The building could include space for a regional senior citizen center for Ansonia and Derby. The facility is almost 30,000 square feet, so there are a ton of municipal opportunities for the property, according to the Derby Mayor’s Office.

The property transfer is happening because VARCA (Valley Association for Retarded Children and Adults, Inc) is closing later this month. The building is on city property, part of a more than 40-year-old deal between the nonprofit and the city. The agreement included a provision saying that if VARCA closes, the land goes back to Derby.

The nonprofit organization had 81 employees and 20 volunteers in 2016, according to 2017 federal tax filings.

VARCA Inc., and its subsidiary, George Hegyi Industries, is a sheltered workplace and training facility for people with special needs — a trailblazing concept pioneered locally in the late 50s by local parents of kids with special needs. But VARCA relies heavily on government grants — it received about $700,000 in grants in 2016, according to the nonprofit’s tax documents — and those tax dollars are no longer flowing to programs like VARCA, according to Andrew Baklik, Derby Mayor Rich Dziekan’s chief of staff.

Instead of having people with special needs all working in one place — the client-workers did an array of packaging and assembling jobs — there has been a long push to “mainstream” people with developmental challenges into the workplace at large, with different types of support.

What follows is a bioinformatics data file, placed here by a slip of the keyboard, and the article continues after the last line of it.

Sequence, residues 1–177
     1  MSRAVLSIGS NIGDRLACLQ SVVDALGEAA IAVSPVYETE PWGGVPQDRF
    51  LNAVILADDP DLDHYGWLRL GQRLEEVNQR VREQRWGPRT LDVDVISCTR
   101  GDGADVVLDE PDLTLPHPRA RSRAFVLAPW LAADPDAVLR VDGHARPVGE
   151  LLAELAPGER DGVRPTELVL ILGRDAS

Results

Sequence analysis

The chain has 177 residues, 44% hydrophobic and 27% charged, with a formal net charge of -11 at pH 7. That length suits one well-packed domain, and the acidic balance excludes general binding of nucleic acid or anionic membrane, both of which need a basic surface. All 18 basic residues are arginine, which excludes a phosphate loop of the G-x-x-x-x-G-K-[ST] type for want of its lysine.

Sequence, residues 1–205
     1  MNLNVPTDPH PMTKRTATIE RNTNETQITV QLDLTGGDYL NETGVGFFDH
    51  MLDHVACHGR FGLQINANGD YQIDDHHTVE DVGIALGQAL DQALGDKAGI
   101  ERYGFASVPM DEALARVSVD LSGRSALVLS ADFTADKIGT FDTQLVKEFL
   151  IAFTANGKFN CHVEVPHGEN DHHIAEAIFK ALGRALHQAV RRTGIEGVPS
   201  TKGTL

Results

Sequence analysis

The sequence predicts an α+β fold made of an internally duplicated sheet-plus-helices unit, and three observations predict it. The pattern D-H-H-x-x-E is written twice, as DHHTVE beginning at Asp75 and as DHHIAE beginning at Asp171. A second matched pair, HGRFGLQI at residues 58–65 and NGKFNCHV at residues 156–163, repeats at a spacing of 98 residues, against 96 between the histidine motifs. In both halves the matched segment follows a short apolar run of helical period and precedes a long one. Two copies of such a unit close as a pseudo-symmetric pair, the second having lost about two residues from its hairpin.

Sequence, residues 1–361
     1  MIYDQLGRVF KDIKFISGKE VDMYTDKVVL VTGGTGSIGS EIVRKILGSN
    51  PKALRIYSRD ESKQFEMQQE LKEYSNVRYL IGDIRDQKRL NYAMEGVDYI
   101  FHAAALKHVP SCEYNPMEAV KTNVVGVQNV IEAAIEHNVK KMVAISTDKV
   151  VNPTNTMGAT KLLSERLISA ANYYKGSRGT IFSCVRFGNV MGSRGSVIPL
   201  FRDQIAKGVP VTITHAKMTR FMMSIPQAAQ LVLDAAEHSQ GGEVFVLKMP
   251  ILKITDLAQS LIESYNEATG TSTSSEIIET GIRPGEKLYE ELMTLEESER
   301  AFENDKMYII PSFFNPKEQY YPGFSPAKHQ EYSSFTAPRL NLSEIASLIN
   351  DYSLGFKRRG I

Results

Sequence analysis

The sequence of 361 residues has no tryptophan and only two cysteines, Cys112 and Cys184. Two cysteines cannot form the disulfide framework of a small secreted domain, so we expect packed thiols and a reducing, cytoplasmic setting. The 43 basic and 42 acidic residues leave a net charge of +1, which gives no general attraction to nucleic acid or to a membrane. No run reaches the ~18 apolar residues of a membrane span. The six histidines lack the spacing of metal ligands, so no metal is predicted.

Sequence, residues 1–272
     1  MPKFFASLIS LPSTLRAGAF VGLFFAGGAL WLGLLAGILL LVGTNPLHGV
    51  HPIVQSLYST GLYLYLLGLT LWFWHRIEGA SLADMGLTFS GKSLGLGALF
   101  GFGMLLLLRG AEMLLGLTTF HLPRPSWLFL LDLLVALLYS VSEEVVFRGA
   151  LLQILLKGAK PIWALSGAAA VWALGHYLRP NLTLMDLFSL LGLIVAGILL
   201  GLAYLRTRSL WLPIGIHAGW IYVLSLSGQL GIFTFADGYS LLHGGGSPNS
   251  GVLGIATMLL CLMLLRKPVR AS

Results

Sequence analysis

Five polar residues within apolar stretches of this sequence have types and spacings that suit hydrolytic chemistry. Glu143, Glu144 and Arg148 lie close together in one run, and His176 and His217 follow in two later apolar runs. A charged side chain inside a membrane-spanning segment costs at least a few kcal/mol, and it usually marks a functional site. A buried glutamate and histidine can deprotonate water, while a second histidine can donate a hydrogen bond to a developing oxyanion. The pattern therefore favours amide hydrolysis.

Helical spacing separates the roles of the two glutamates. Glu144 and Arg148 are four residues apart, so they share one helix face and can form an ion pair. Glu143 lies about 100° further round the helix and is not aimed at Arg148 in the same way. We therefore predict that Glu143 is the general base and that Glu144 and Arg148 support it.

“The push to close sheltered workshops has been going on for years,” said Dominick Thomas, a Derby native and prominent local attorney who serves on VARCA’s nonprofit board of directors. “The motivation is good, but we’ll see what the follow through is.”

Thomas’ involvement with VARCA runs deep. The organization played an important role in his sister Rosemarie’s life. She had Down’s Syndrome, and VARCA was a dignified place to work and socialize — a place to make friends, hold pageants and picnics, a vital and vibrant community for people with special needs.

Call For Entries! 2018 Application Period Now Open for Disability Reporting Contest

Posted on March 22, 2018 by
The National Center on Disability and Journalism

The National Center on Disability and Journalism is accepting entries for the 2018 Ruderman Foundation Awards for Excellence in Reporting on Disability.

This award is the only journalism contest devoted exclusively to disability coverage.

The Ruderman Foundation Awards for Excellence in Reporting on Disability recognize the best reporting on disability issues and people with disabilities that is being done in the U.S. and abroad.